"It ended for us when we won the Fiesta Bowl," linebacker Reed Williams said. "We had our coach. We had our win. It was on to next season."
Though public opinion in the state is firmly against Rodriguez, Stewart walks a fine line between giving credit to his boss of seven seasons and moving on without him.
"All of our friendships had to be put aside. When they went to Ann Arbor, they had a job to do just like we had job to do in Morgantown," Stewart said. "I was still friends with all those guys. I'll forever be friends with those guys. I hope it's the same for them."
When West Virginia opens the season it will have a distinct tie to the Rodriguez era by running the explosive spread option offense, albeit with a few tweaks.
One set of numbers Stewart knows he will have to watch will be how many times White and Devine touch the ball. White was injured in two games last season - against South Florida and Pittsburgh. The Mountaineers lost both.
Slaton is gone, leaving the running back position to the explosive Devine, who rushed for 627 yards and 8.6 yards per carry. As with White, Stewart doesn't want the 5-foot-8, 173-pound Devine to become a workhorse runner, either.
"Offensively, we have to get the ball in someone else's hands other than five (White) and seven (Devine) on every single play," Stewart said. "We're not trying to fix whatever's broke. Nothing's broke."
Stewart added Wake Forest quarterbacks coach Jeff Mullen to the staff as offensive coordinator with the edict to find other ways to move the ball besides handing it to White and Devine. He expects Mullen to diversify the offense in the mold of Wake's offense. In order to do that, wide receivers Dorrell Jalloh, Jock Sanders and Tito Gonzales will have to take over for the versatile Darius Reynaud.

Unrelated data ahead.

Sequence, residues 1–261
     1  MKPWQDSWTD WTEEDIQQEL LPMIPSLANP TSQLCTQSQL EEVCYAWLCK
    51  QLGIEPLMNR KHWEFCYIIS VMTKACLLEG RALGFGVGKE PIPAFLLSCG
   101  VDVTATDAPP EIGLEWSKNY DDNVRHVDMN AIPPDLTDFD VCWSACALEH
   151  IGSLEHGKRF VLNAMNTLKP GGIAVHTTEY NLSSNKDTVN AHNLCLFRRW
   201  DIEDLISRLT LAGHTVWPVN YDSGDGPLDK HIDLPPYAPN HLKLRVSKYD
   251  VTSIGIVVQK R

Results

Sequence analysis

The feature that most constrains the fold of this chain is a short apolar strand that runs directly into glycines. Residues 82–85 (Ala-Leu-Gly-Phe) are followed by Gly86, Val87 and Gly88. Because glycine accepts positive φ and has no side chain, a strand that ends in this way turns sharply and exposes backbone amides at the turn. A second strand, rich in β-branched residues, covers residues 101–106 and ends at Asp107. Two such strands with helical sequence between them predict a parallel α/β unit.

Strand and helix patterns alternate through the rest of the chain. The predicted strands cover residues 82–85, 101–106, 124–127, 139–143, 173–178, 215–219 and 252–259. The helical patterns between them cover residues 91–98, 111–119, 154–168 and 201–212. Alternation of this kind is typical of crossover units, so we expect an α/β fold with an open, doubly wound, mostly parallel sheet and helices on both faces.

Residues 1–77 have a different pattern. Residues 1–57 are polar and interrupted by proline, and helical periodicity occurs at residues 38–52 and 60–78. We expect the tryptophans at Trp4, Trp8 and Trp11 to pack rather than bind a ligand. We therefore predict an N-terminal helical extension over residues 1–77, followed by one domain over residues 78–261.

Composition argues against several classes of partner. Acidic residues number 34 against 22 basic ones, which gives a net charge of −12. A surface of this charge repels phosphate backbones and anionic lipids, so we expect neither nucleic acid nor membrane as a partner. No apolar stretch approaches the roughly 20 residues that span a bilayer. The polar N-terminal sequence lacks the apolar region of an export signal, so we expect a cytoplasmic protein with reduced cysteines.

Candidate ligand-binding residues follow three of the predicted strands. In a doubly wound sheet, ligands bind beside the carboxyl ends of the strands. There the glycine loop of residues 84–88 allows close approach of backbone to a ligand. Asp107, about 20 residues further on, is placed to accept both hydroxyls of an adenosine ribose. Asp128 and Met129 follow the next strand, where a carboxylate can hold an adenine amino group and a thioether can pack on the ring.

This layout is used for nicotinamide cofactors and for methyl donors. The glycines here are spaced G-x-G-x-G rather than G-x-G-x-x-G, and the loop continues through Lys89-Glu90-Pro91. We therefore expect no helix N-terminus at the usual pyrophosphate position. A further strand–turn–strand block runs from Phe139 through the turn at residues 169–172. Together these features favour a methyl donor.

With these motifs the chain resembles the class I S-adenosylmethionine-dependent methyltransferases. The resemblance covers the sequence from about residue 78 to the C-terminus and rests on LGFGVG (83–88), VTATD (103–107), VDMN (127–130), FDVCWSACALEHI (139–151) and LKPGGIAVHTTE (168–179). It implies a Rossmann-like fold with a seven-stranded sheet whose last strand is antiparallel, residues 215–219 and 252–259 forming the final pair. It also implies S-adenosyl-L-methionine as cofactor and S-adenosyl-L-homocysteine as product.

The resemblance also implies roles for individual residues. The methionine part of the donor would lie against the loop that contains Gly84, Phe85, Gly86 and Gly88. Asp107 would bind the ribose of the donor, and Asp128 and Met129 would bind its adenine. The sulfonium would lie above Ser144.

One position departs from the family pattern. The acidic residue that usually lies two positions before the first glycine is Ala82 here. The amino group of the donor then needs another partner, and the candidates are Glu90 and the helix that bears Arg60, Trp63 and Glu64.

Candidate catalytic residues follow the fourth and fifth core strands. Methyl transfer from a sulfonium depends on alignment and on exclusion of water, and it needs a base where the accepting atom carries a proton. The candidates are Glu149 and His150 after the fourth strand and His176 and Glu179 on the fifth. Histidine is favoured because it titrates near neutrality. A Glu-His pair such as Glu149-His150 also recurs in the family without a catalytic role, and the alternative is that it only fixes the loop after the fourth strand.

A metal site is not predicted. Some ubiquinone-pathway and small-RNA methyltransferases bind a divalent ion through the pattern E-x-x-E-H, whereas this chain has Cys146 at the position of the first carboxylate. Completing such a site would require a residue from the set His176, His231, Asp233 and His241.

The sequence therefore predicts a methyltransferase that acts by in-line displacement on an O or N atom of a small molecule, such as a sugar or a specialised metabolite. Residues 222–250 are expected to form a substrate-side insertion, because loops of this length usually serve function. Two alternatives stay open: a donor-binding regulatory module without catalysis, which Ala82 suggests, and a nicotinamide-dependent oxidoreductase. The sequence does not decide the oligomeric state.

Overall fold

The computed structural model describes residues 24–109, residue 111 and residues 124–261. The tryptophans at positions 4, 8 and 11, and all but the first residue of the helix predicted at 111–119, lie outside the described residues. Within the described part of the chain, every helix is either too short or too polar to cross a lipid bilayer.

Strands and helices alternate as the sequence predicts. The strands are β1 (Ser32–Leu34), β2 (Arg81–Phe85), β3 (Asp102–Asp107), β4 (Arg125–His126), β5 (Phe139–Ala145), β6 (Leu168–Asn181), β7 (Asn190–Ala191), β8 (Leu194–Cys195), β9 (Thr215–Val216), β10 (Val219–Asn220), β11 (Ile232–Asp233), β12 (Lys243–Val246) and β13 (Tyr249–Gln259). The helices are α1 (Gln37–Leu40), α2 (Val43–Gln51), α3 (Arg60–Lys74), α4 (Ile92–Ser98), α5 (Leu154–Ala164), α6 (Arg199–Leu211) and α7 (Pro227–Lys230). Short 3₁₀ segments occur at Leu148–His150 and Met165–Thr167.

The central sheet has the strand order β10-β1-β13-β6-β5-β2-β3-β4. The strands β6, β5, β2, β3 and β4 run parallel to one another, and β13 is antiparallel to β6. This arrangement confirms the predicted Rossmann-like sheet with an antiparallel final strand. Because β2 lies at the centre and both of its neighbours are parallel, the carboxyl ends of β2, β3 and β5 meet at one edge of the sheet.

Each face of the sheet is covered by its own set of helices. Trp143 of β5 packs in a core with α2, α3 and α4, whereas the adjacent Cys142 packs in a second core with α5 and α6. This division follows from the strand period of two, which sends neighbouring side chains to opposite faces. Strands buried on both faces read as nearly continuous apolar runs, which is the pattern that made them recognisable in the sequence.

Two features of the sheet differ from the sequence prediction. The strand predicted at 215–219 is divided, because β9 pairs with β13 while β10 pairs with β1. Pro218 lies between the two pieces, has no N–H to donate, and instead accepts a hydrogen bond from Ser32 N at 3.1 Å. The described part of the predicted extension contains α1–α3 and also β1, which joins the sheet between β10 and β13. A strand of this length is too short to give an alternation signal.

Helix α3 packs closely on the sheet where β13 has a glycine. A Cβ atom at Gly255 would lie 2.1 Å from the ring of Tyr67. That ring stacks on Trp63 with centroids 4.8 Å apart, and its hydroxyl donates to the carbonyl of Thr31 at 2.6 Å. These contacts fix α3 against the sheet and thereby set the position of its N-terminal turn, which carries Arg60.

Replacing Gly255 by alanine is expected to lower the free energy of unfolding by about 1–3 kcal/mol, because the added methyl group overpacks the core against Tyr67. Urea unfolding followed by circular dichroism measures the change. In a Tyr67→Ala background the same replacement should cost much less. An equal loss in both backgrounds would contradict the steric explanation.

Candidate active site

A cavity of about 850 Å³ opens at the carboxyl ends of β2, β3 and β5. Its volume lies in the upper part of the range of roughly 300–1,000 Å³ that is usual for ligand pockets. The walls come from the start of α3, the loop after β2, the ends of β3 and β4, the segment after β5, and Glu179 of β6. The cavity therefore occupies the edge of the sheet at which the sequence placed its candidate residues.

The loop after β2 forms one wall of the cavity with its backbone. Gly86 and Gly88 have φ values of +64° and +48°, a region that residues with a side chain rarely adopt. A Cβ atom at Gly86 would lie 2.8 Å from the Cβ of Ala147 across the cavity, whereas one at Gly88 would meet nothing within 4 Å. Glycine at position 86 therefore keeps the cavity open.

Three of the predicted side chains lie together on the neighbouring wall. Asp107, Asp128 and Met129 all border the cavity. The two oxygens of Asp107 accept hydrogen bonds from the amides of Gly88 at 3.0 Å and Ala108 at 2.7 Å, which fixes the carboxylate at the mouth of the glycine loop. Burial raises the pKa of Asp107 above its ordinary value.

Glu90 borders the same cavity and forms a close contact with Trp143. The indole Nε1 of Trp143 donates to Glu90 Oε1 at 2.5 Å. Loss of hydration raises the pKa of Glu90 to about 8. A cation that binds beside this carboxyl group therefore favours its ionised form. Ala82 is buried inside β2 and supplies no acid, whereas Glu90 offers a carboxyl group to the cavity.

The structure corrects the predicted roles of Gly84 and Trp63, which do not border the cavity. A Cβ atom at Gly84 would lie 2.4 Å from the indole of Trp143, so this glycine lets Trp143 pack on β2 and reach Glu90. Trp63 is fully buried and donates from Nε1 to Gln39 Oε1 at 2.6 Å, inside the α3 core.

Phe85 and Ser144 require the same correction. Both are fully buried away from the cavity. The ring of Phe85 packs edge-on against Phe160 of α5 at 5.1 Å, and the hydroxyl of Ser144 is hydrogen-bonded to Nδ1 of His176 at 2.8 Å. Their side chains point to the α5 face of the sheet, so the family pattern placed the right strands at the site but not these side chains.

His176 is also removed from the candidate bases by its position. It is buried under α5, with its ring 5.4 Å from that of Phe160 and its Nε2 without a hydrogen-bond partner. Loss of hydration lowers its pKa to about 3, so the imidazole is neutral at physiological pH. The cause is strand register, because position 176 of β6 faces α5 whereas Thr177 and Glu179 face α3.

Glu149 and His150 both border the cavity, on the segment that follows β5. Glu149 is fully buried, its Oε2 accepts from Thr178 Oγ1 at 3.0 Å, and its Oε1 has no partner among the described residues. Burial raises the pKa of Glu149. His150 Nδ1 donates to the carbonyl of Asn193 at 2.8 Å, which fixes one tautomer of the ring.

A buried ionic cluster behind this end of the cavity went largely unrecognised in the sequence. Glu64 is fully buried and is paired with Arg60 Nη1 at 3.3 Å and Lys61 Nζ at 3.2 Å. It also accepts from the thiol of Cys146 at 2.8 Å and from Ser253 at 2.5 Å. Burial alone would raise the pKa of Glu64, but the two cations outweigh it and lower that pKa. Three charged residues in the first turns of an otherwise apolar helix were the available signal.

Stewart and Mullen also look to take advantage of White's growing prowess as a passer. White has completed 66.3 percent of his attempts over the last two seasons while passing for 27 touchdowns and 11 interceptions.
"It will still look like West Virginia football," White said. "I think we're going to spread the wealth a lot more."
On defense, Stewart's first staff got a major boost by retaining Jeff Casteel - Rivals.com's National Defensive Coordinator of the Year last season. Casteel's defense allowed 301.7 yards per game and 112.9 rushing yards after struggling a season earlier.
Seven starters are gone, including stalwarts Keilen Dykes, Eric Wicks and Marc Magro. Linebackers Mortty Ivy and Williams will lead the defense, but Casteel must address the secondary.
If the personnel is in place on defense and offense, West Virginia will have both Rodriguez and Stewart to thank. If that happens, the numbers could add up to No. 1.
"We did great things. We built a heck of a program," Stewart said. "The state has to stop and let us do our job as coaches and players and get the 2008 edition ready. It wasn't a loss of life. It was just the passing of the guard."
David Fox is a national writer for Rivals.com. He can be reached at firstname.lastname@example.org.